Figure 9. Endurance performance impairment when dehydrated by 3% to 4% body mass is a function of skin temperature (Tsk) above ∼27°C. Data are means [error bars are 95% CI] compiled from three studies () employing similar experimental procedures and time trial (TT) performance tests. Closed circles represent 15 min TT tests, open circles represent 30 min TT tests. All tests included a 30‐min constant, submaximal exercise intensity preload. Shaded area represents ±5% coefficient of variation for time trial performance. Adapted, with permission, From Sawka et al. ().
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Aerobic Exercise Studies

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  17. Kenefick RW, Cheuvront SN, Palombo LJ, Ely BR and Sawka MN. Skin temperature modifies the impact of hypohydration on aerobic performance. J Appl Physiol 109: 79-86, 2010.
  18. Lopez RM, Casa DJ, Jensen KA, DeMartini JK, Pagnotta KD, Ruiz RC, Roti MW, Stearns RL, Armstrong LE and Maresh CM. Examining the influence of hydration status on physiological responses and running speed during trail running in the heat with controlled exercise intensity. J Strength Cond Res 25: 2944-2954, 2011.
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  31. Smith MS, Dyson R, Hale T, Harrison JH and McManus P. The effects in humans of rapid loss of body mass on a boxing-related task. Eur J Appl Physiol 83: 34-39, 2000.
  32. Stearns RL, Casa DJ, Lopez RM, McDermott BP, Ganio MS, Decher NR, Scruggs IC, West AE, Armstrong LE and Maresh CM. Influence of hydration status on pacing during trail running in the heat. J Strength Cond Res 23: 2533-2541, 2009.
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  34. Walsh RM, Noakes TD, Hawley JA and Dennis SC. Impaired high-intensity cycling performance time at low levels of dehydration. Int J Sports Med 15: 392-398, 1994.

Anaerobic Exercise Studies

  1. Bigard AX, Sanchez H, Claveyrolas G, Martin S, Thimonier B and Arnaud MJ. Effects of dehydration and rehydration on EMG changes during fatiguing contractions. Med Sci Sports Exerc 33: 1694-1700, 2001.
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  5. Cheuvront SN, Carter R III, Haymes EM and Sawka MN. No effect of moderate hypohydration or hyperthermia on anaerobic exercise performance. Med Sci Sports Exerc 38: 1093-1097, 2006.
  6. Cheuvront SN, Kenefick RW, Ely BR, Harman EA, Castellani JW, Frykman PN, Nindl BC and Sawka MN. Hypohydration reduces vertical ground reaction impulse but not jump height. Eur J Appl Physiol 109: 1163-1170, 2010.
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  9. Evetovich TK, Boyd JC, Drake SM, Eschbach LC, Magal M, Soukup JT, Webster MJ, Whitehead MT and Weir JP. Effect of moderate dehydration on torque, electromyography, and mechanomyography. Muscle Nerve 26: 225-231, 2002.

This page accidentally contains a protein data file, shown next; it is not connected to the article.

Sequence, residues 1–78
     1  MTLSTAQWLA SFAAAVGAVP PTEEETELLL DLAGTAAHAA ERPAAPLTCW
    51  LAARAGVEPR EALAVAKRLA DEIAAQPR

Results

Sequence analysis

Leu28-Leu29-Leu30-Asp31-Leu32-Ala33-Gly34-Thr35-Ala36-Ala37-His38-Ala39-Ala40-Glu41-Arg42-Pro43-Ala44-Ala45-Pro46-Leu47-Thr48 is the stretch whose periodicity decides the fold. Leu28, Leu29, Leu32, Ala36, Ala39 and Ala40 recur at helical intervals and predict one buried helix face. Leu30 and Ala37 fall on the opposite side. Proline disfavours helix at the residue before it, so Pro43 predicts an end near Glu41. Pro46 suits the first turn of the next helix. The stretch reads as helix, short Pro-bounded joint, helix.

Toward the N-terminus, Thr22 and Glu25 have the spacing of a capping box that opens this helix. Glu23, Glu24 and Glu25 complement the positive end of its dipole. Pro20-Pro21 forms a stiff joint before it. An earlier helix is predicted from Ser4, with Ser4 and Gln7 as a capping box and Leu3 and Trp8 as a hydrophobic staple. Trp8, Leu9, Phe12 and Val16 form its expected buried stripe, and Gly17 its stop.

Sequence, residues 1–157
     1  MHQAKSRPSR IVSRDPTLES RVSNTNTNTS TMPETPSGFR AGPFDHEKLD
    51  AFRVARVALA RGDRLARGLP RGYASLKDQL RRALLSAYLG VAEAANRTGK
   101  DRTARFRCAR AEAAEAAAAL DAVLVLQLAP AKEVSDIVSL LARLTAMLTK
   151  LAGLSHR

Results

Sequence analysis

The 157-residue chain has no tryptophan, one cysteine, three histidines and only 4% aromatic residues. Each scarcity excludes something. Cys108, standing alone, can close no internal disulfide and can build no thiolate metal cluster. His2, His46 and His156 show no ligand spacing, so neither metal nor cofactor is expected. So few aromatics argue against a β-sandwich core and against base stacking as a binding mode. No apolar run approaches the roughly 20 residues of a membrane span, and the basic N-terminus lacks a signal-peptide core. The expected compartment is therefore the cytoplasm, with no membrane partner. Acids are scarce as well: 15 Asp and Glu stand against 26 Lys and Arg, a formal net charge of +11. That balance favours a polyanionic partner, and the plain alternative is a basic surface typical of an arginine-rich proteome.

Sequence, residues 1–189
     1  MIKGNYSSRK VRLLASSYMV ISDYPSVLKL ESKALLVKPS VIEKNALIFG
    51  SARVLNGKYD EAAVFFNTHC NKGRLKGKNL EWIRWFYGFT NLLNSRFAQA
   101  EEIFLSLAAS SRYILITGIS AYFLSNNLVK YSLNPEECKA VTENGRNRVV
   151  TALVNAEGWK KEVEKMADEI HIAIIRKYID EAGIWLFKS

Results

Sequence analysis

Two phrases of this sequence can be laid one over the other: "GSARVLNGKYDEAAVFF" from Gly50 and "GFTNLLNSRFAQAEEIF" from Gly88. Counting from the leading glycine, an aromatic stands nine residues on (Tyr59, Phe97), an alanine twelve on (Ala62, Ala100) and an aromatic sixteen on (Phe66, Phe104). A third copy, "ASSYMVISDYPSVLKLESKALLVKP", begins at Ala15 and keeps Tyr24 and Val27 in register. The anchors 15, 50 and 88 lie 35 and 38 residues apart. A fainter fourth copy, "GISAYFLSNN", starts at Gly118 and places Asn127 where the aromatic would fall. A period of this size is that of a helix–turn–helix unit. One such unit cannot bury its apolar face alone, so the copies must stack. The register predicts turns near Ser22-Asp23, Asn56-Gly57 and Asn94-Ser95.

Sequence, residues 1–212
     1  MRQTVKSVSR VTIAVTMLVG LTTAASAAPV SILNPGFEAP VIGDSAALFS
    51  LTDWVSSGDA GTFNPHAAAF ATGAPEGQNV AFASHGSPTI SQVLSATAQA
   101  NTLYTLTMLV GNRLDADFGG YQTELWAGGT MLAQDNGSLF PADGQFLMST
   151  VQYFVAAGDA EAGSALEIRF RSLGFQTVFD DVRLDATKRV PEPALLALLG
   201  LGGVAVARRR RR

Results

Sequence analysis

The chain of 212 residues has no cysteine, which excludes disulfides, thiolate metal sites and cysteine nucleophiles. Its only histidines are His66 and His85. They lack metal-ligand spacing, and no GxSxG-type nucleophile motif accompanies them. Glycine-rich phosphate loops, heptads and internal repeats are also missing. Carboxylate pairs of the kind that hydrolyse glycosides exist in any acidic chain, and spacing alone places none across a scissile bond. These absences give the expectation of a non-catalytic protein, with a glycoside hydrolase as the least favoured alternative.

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  11. Fritzsche RG, Switzer TW, Hodgkinson BJ, Lee SH, Martin JC and Coyle EF. Water and carbohydrate ingestion during prolonged exercise increase maximal neuromuscular power. J Appl Physiol 88: 730-737, 2000.
  12. Ftaiti F, Grelot L, Coudreuse JM and Nicol C. Combined effect of heat stress, dehydration and exercise on neuromuscular function in humans. Eur J Appl Physiol 84: 87-94, 2001.
  13. Ftaiti F, Kacem A, Latiri I, Ben MS, Tabka Z, Zouari N, Ellouze F and Grelot L. Comparison of male and female thermal, cardiac, and muscular responses induced by a prolonged run undertaken in a hot environment. Can J Appl Physiol 30: 404-418, 2005.
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  15. Gutierrez A, Mesa JL, Ruiz JR, Chirosa LJ and Castillo MJ. Sauna-induced rapid weight loss decreases explosive power in women but not in men. Int J Sports Med 24: 518-522, 2003.
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  17. Hickner RC, Horswill CA, Welker JM, Scott J, Roemmich JN and Costill DL. Test development for the study of physical performance in wrestlers following weight loss. Int J Sports Med 12: 557-562, 1991.
  18. Hoffman JR, Stavsky H and Falk B. The effect of water restriction on anaerobic power and vertical jumping height in basketball players. Int J Sports Med 16: 214-218, 1995.
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  20. Houston ME, Marrin DA, Green HJ and Thomson JA. The effect of rapid weight loss on physiological functions in wrestlers. Physician Sportsmed 8: 73-78, 1981.
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How to Cite

Samuel N. Cheuvront, Robert W. Kenefick. Dehydration: Physiology, Assessment, and Performance Effects. Compr Physiol 2014, 4: 257-285. doi: 10.1002/cphy.c130017